Session 10 - Drugs Rate and Rhythm Flashcards Preview

Semester 5 - Farmocology > Session 10 - Drugs Rate and Rhythm > Flashcards

Flashcards in Session 10 - Drugs Rate and Rhythm Deck (62)
1

What is the cardiac resting membrane potential?

-90mV

2

What sets the resting membrane potential for cardiac cells?

The relative permeability of the cardiac myocyte to K+

3

What is the equilibrium potential of K+?

-80mV

4

Outline a contraction of a ventricular myocyte?

o In diastole, the resting membrane potential of cardiac cells is close to the equilibrium potential of K+ (4).
o Initial depolarisation due to spread of electrical activity from pacemaker cells. Once threshold has been reached, fast voltage gated sodium channels are opened, causing depolarisation towards Na+’s equilibrium potential (0).
o Following the rapid depolarisation, a brief repolarisation caused by the outward flow of K+ returns the membrane potential to ~0. (1)
o Na+ channels deactivate, but the depolarisation causes the opening of voltage gated Ca2+ channels, which take longer to activate, keeping the membrane depolarised (2).
o Influx of Ca2+ causes the release of further Ca2+ from cellular stores, causing contraction (See M&R Session 5).
o After ~250ms, Ca2+ channels close.
o Efflux of K+ returns membrane potential to resting (3).

5

Give the classification of anti-arythmic drugs

Class 1 - Na+ blockes
Class 2 - B blocekrs
Class 3 - K+ channel blockers
Class 4 - Ca2+ channel blockers

6

Give three types of Na+ channel blockers

1a) Quinidine
1b) Lidocaine
1c) Felcainide

7

Give a type of beta blocker

Atenolol
Bisoprolol
Metoprolol

8

Give a widely used K+ channel blocker

Amiodarone

9

Give a Ca2+ channel blocker

Verapamil

10

What are the effects of Flecainide and Lidocaine?

Decrease conduction velocity
Increase depolarisation threshold
Decrease automacity

11

What is the route of administration of flecainide?

Oral and intravenous

12

What are the indications for flecinaide?

Supraventricular tachyarrythmias (atrial arrhythmia)

13

Give two contraindications for Flecainide?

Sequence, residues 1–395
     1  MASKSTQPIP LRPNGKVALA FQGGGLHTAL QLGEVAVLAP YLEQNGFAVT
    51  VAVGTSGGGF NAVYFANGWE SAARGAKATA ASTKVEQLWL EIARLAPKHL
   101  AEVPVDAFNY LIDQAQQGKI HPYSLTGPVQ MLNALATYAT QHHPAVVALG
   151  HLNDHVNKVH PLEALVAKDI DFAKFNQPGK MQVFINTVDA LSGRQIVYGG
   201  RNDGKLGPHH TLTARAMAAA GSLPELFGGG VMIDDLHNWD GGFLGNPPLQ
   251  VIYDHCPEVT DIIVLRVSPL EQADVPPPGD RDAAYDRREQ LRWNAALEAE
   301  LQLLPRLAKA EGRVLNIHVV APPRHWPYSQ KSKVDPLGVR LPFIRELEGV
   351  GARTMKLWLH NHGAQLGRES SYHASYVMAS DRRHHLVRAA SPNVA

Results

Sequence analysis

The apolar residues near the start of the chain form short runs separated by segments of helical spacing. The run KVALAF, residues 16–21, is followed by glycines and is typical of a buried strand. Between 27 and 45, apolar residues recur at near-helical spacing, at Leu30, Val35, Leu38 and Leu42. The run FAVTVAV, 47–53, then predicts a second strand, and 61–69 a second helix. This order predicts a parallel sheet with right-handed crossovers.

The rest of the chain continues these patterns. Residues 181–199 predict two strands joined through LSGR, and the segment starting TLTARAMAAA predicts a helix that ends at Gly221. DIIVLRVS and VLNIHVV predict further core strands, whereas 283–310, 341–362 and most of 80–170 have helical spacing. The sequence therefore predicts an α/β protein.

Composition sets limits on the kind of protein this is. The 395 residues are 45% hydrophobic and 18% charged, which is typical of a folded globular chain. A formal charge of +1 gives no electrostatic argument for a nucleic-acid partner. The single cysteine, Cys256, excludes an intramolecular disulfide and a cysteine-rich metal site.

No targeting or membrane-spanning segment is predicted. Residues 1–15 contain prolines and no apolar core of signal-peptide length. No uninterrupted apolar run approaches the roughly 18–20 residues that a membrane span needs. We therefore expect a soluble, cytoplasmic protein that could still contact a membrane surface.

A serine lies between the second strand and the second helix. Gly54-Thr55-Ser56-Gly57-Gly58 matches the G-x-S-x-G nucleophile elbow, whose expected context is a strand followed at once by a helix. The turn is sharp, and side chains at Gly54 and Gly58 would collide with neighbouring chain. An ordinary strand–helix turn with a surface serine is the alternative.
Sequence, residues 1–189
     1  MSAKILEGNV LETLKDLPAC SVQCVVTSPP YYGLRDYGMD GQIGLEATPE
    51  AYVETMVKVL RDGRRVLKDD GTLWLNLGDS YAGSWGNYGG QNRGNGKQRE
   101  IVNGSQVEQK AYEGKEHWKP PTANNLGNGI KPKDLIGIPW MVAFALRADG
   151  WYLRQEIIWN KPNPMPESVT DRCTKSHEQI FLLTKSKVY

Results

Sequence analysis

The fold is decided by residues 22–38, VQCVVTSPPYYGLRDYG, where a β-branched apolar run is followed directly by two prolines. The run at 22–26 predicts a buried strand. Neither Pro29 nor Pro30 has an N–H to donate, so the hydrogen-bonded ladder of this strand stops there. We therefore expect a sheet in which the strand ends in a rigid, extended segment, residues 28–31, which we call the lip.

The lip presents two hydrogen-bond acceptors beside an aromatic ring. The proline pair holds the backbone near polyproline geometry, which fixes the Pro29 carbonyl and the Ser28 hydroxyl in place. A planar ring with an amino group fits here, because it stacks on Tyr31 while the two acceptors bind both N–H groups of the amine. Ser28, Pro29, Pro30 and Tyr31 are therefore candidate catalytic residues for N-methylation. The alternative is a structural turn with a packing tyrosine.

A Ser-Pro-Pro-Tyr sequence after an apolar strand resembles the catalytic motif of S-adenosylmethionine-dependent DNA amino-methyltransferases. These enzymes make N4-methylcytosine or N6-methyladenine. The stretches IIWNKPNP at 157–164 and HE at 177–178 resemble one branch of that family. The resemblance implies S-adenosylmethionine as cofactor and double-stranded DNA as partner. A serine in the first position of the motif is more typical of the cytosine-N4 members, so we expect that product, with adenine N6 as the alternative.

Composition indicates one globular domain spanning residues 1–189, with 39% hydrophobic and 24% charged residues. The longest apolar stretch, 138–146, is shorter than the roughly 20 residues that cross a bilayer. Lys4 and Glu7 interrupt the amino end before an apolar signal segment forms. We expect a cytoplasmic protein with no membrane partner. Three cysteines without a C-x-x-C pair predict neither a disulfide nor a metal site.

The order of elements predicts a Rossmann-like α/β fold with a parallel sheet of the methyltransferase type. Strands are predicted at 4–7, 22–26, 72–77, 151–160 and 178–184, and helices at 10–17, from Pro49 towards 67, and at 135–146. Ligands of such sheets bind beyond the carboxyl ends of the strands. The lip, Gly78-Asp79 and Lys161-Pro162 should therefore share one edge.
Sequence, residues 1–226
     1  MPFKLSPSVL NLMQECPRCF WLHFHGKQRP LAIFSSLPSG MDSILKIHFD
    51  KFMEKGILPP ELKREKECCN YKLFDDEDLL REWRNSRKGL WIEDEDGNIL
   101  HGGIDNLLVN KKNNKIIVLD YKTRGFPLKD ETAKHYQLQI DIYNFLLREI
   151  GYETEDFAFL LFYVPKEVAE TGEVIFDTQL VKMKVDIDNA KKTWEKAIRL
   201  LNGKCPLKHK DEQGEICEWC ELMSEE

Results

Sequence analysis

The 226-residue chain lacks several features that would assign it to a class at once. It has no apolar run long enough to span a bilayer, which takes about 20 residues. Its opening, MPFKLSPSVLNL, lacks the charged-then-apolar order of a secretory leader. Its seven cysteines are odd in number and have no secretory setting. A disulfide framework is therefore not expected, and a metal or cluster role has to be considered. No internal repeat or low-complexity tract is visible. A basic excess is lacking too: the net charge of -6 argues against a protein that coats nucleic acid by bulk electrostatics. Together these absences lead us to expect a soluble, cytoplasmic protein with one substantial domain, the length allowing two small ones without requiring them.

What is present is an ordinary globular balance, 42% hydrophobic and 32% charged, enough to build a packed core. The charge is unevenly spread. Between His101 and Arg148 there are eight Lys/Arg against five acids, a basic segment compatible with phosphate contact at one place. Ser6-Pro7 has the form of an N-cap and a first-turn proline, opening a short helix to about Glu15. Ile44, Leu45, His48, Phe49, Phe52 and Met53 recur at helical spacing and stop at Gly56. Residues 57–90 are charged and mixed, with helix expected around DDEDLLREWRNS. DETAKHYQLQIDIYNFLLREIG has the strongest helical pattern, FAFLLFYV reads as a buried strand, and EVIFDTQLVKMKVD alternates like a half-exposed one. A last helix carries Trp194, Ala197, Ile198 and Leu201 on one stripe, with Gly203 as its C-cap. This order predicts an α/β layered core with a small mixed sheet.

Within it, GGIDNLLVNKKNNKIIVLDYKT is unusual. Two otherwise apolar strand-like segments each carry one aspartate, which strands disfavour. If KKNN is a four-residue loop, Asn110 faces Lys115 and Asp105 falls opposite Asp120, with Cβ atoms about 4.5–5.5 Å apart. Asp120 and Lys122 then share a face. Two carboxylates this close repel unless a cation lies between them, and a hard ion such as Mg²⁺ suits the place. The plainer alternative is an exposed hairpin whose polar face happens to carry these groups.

Heart failure, History of MI

14

What is the mechanism of action for Flecainide?

Blocks fast, inward Na+ ion channel (Phase 0)

15

Give three adverse reactions of flecainide

 Dizziness, visual disturbances, arrhythmias

16

What are the drug-drug interactions for Flecainide?

 Metabolised by CYP2D6 and eliminated renally. Inducers/inhibitors

17

How is lidocaine adminstered?

Intravenously

18

What are the indications for lidocaine?

Ventricular arrhythmias following MIO

19

What are the contraindications for Lidocaine (2)

AV block
Heart failure

20

Give three adverse drug reactions for lidocaine

Hypotension, bradycardia
Nystagmus
Seizures

21

What do beta blockers act on?

B1 receptors in the heart

22

What is the action of B blockers

Block sympathetic action
Decrease slop of pacemaker potential in SAN
Decrease chronotrophy
Inhibits adenyl cyclase, decrease inotrophy

23

What do B blockers do to ventricular action potential?

Shifts it to the right

24

What are the indications for B blockers? (4)

 Angina
 Post myocardial infarction
 Hypertension
 Arrhythmias

25

What are the two main contraindications for beta blockers?

Asthma
General decreased heart function

26

What is the mechanism of action for beta blockers?

 Antagonise β-adrenoreceptors. β1-receptors are found in the heart, when they are activated they cause increased Chronotropy and Inotropy.
 Inhibits renin release

27

Give some adverse drug reactions for beta blockers

 Bronchospasm, fatigue and insomnia, dizziness, cold extremities, hypotension, bradycardia and decreased glucose tolerance in diabetic patients – Don’t feel adrenaline from hypoglycaemia due to B blockers, dangerous

28

Give two drug-drug interactions of Beta blockers

 Prevents Salbutamol working (β2-adrenoagonist)
 Verapamil – Both have –‘ve inotropic action